NASIG 30th Annual Conference: some memories and impressions

NASIG has been my professional organization home for most of the past two decades, so it was with excitement and anticipation that I travelled to Washington, D.C. to attend its 30th annual conference last month. It did not disappoint. Here are some of the memories and impressions that stood out for me:

  • The day-long joint session with the Society for Scholarly Publishing (SSP). The last time NASIG and SSP got together in this way was in 1992, when I was a newly minted librarian working as a serials cataloger at The University of Chicago’s Regenstein Library, and the joint meeting was held at the University of Illinois at Chicago. On the surface, these organizations have a lot in common in terms of goals, interests, and objectives, but they are actually very different. SSP is formal whereas NASIG is informal, for example. SSP has a bigger draw for attendance and a bigger membership now, too, I think. It seems like the joint session went well overall but I’m sure it wasn’t an easy task to put together. Still, for me, this was perhaps the programming highlight of the week. Lots of memorable one-liners — “Data is the new bacon,” “You can’t herd cats but you can move the cat food,” “Print is not dead.” All of the speakers did a great job, and I learned a lot. Although I found them hard to follow, the panel of two legal experts who talked about various aspects of copyright policy was fascinating and I learned from their talks.

  • Stephen Rhind-Tutt’s presentation on the future of scholarly publishing. I had not heard the president and co-founder of Alexander Street Press speak before this and as one of the vision speakers, Rhind-Tutt did not disappoint. My takeaways from his thought-provoking talk are his belief that everything will be open access by 2022; the huge (and largely unsung) importance of interlinking (in my head I shouted YES YES YES, thinking for example of OpenURL — his actual words were, “We don’t respect linking as much as we should”); how remarkably similar the topics discussed 25 years ago at NASIG are to those we are still talking about; his point that we need to think about function not form, e.g. reading journals is not the function, discovering and interpreting new ideas is the function; and so on. He did a good job of articulating our tendencies to be afraid of the future while trying to hold tightly to the past and how this manifests itself even in terms we use, such as “e-journal.” He challenged his audience to understand the medium, not fight it, and to think about information at the atomic, rather than linear level. His presentation was quite compelling but I am not convinced that it holds (or will hold) together, e.g. how we can best navigate a hybrid fee/free environment.

  • Seeing and visiting with so many friends, and making new ones. I’m a bit of an introvert so social interaction can be challenging. But the strongest aspect to NASIG has always been the fact that it is a bunch of great people who get together, and who are full of warmth and kindness. For example, I missed most of one day due to a migraine and was sincerely touched by the concern and care shown by those who knew about it. I was thrilled that my friend and best man in my wedding, Rick, and his wife and daughter were there. We’ve known each other since library school but rarely get to see each other any more. It’s one of those friendships where you pick up right where you left off, every time. I was also glad to have two evening meals with a family friend who was there to report on the SSP meeting. He picked two great places to eat! And I saw so many “friends of long standing” that it warmed my heart, it really did. I wish that there had been more time to visit with them all. Particular mention needs to be made of seeing Jean Hirons, former CONSER Coordinator at the Library of Congress, thanks to an invite to dinner by Ann Ercelawn; Lisa Macklin from Emory; and Steve Murden, Dan Tonkery, and many others. I was also happy to make new friends including fellow NASIG Board members, among others. I got to introduce myself to Dorothea Salo, one of the vision speakers, someone who’s writings I’ve long enjoyed.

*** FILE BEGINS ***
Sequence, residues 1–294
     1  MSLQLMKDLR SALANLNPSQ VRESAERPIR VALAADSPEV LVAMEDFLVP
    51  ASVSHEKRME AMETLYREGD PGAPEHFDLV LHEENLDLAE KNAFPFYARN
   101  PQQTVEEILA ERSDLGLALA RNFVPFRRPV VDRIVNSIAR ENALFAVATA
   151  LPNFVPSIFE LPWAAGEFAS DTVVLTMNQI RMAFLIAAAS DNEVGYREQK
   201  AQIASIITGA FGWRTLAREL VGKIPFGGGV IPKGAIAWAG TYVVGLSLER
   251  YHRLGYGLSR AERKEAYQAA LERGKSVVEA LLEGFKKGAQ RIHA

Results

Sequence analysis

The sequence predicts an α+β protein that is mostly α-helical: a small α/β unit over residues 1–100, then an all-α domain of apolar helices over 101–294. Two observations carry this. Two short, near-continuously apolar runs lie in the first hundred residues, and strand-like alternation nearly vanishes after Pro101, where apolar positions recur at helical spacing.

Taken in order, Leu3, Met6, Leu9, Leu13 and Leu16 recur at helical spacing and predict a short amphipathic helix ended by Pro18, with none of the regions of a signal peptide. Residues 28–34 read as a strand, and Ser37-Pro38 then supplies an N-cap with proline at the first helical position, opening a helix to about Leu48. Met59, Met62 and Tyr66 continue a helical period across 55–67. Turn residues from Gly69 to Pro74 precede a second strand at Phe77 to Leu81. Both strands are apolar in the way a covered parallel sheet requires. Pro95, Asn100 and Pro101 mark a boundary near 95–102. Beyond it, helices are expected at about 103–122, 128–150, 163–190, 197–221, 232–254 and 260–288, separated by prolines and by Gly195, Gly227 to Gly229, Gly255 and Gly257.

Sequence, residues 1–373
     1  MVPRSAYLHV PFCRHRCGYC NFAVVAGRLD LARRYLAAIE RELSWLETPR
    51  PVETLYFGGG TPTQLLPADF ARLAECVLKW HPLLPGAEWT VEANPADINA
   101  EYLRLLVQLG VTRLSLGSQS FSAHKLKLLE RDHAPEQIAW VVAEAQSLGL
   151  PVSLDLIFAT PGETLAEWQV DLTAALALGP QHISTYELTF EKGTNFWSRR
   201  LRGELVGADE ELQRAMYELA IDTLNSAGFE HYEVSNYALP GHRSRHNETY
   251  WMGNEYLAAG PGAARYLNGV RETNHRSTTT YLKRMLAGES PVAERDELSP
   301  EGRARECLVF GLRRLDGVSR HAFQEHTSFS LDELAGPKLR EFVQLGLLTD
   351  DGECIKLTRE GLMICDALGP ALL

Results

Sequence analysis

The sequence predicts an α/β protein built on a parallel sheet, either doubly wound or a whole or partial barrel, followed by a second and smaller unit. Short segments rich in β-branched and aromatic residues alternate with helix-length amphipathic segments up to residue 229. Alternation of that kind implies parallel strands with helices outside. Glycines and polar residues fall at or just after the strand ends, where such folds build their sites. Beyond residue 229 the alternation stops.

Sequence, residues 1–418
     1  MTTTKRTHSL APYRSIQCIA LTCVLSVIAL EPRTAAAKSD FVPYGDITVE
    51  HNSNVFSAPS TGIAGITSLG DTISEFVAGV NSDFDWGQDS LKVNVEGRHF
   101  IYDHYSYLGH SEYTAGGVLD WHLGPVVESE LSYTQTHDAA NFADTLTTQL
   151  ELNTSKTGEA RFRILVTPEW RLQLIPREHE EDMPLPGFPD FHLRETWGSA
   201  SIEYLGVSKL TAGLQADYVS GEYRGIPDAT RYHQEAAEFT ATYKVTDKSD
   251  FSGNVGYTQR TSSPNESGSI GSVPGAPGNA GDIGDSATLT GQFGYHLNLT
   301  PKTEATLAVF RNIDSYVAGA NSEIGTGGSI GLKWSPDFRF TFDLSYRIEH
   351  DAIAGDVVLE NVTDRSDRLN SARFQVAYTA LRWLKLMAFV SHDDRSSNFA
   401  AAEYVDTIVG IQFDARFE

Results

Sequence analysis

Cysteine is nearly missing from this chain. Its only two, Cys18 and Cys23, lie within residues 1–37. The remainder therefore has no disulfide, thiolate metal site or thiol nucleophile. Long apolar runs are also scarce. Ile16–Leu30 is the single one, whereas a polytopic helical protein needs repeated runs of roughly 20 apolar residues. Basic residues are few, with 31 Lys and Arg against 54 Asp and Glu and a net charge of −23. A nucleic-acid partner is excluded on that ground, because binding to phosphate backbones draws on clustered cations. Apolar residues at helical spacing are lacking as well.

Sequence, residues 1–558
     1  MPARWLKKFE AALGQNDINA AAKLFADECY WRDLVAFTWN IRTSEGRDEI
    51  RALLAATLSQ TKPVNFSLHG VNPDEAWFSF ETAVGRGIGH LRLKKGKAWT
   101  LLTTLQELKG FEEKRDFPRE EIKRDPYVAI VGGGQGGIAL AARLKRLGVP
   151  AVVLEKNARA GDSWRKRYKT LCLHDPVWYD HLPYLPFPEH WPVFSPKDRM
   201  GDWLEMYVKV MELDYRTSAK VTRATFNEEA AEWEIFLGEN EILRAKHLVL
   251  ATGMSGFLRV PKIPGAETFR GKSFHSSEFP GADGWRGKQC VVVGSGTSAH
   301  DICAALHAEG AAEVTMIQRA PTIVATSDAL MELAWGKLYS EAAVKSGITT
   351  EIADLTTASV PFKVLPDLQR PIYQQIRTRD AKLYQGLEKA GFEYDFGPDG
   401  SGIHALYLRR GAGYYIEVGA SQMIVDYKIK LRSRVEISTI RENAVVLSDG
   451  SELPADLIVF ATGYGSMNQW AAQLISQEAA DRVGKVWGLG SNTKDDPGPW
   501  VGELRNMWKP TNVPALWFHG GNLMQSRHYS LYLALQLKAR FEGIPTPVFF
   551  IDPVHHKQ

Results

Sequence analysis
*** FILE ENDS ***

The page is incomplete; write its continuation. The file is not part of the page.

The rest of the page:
• The party to celebrate NASIG’s 30th anniversary. Wow. What a party, put on by Eleanor Cook, Christie Degener, and other partners in crime! Unfortunately I came from a full meal at a nearby seafood restaurant, Legal Sea Foods, so I didn’t have much of an appetite. But there was so much food, so many yummy things. There was a dance floor and DJ and yes, lots of librarians dancing and having fun while doing it. It was special to be mentioned as one of the top NASIG memories in the context of when I was NASIG President at Carnegie Mellon in 1999, and wore a kilt (as a joke) to the opening ceremony. I was particularly caught off guard when current NASIG President (now Past President), Steve Kelley, spoke to party-goers about his first conference (at UC San Diego in 2000). He talked about his memory of me chatting with him and Clint Chamberlain, which made them feel welcome and helped them feel at home in NASIG. Honestly, I don’t deserve any credit for this but his kind remarks made me feel very thankful. This is what so many NASIGers do, all the time, and it’s why I continue to feel so strongly about supporting the organization.

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